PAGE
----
PROVIDENCE, R.I. (WPRI) — A veteran state lawmaker is calling on Gov. Gina Raimondo to issue an executive order requiring that all front-line workers directly affected by coronavirus will have the illness presumed to be a work-related injury.
House Labor Committee Chairwoman Anastasia Williams formally made the request on Monday in an email to the governor’s office, including a draft copy of the executive order. She told WPRI 12 she will introduce legislation with the same provisions if the governor does not take action herself.
Under Williams’ proposal, the front-line workers category should include public safety personnel, government workers, janitors, public transit employees, grocery staff, retail clerks, truck and freight drivers, among others. Any of those workers who “contract, have symptoms of or otherwise become affected” with coronavirus “shall have their medical condition or incapacity to work presumed to be work-related,” the draft order says.
“These selfless workers deserve to know that if the worst should happen and they become infected with COVID-19, that we recognize their sacrifice for our greater good, and their infection and recuperation should be deemed work-related,” Williams, D-Providence, said in a statement.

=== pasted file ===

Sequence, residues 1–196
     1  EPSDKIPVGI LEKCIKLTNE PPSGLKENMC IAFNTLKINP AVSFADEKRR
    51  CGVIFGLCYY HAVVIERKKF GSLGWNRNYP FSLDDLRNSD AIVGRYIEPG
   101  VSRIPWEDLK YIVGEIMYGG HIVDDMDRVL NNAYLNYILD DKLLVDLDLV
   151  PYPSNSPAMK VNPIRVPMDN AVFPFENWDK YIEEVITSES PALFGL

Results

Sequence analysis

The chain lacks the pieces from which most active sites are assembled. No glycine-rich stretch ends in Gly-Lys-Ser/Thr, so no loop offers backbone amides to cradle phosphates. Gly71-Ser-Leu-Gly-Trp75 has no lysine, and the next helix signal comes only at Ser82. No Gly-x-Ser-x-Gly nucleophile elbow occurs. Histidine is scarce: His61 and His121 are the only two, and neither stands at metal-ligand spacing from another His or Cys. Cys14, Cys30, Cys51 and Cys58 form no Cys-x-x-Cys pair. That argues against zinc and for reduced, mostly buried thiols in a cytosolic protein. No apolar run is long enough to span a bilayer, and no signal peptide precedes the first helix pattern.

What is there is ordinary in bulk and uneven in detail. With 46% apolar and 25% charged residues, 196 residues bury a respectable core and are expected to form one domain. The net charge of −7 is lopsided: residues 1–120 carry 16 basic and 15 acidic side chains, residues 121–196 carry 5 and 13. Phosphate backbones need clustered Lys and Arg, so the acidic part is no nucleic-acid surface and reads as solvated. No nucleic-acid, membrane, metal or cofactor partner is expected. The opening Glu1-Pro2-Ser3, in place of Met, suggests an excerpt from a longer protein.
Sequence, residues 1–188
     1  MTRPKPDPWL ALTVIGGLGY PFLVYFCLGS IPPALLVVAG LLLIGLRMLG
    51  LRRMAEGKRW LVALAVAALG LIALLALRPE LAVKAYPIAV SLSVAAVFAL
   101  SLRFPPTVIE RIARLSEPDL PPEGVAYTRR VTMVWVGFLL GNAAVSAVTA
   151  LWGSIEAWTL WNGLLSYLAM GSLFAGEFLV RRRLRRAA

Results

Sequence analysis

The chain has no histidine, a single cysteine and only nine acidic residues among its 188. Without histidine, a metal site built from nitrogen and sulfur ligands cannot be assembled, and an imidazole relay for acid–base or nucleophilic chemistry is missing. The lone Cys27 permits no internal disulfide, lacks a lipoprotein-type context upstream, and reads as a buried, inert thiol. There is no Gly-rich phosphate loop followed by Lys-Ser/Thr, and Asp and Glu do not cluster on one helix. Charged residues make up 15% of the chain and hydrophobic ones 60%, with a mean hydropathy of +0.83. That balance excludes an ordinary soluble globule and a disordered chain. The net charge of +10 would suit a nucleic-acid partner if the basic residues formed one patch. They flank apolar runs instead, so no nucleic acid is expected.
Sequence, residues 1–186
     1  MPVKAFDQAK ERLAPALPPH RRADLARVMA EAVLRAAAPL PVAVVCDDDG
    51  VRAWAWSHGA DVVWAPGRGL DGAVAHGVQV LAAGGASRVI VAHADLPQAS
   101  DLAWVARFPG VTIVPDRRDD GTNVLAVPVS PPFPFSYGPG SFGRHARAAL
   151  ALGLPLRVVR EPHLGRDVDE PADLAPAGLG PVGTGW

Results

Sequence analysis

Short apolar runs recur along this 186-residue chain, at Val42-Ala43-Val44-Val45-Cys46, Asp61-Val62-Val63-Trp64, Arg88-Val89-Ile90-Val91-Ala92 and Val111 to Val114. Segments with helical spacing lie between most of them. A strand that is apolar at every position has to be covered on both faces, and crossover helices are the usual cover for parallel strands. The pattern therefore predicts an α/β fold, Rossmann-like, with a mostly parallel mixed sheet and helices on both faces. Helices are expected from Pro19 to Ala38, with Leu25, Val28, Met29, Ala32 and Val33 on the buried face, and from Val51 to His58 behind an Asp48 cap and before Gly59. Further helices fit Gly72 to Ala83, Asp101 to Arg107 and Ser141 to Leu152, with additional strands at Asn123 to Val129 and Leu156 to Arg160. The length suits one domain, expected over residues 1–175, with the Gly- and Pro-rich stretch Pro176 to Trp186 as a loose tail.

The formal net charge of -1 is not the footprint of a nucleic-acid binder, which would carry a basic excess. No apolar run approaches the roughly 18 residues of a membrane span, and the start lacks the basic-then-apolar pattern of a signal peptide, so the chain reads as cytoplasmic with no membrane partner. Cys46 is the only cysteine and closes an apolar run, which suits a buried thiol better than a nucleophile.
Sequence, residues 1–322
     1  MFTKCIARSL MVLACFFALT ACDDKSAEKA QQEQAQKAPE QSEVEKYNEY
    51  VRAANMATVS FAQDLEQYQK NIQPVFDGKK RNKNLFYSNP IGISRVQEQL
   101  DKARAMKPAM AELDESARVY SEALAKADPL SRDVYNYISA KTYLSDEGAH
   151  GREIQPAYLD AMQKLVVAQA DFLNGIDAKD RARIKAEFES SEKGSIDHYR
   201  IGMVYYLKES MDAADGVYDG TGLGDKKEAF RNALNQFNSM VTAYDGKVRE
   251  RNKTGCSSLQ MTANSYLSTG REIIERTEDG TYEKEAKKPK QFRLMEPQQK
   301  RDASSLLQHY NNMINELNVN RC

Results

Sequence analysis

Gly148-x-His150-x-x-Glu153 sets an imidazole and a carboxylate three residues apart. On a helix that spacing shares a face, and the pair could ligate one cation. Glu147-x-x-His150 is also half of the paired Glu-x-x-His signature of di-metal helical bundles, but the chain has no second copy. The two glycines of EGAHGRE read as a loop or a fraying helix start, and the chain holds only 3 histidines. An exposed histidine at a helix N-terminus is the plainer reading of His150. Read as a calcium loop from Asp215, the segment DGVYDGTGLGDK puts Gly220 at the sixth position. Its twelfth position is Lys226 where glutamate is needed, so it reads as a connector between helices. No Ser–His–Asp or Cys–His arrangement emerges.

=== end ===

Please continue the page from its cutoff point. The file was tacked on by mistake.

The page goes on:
In addition, Williams argues that public safety employees who are “incapacitated or unable to perform their duties as a result of the COVID-19 infection or exposure” shall have the time they spend hospitalized or quarantined classified as on-duty time, rather than being required to use paid time off such as sick days or vacation.
She also wants to ensure information about any related COVID-related work claims is not shared with federal immigration authorities, noting that some front-line workers are undocumented immigrants.
State Rep. Evan Shanley, D-Warwick, said he supports Williams’ proposal.
“Immediate action is required to support these courageous workers by affording them the basic protections afforded to injured workers under the Rhode Island Workers Compensation Act,” Shanley said in a statement. “The least we can do is tell these workers that their medical bills and families will be taken care of in the event they contract COVID-19.”
The proposed executive order is just one of the ideas that have surfaced in recent days to support front-line workers who are dealing directly with the effects of the coronavirus pandemic.
U.S. Sen. Jack Reed said last week he and a group of Democratic senators want to give essential employees a federally funded “hazard pay” bump of up to $25,000 as part of the next disaster relief bill, an amount he said would be the equivalent of a $13-an-hour increase. Raimondo has said she hopes Congress passes such a proposal.
Ted Nesi (firstname.lastname@example.org) is WPRI 12’s politics and business editor and a Target 12 investigative reporter. He is a weekly panelist on Newsmakers and hosts Executive Suite. Follow him on Twitter and Facebook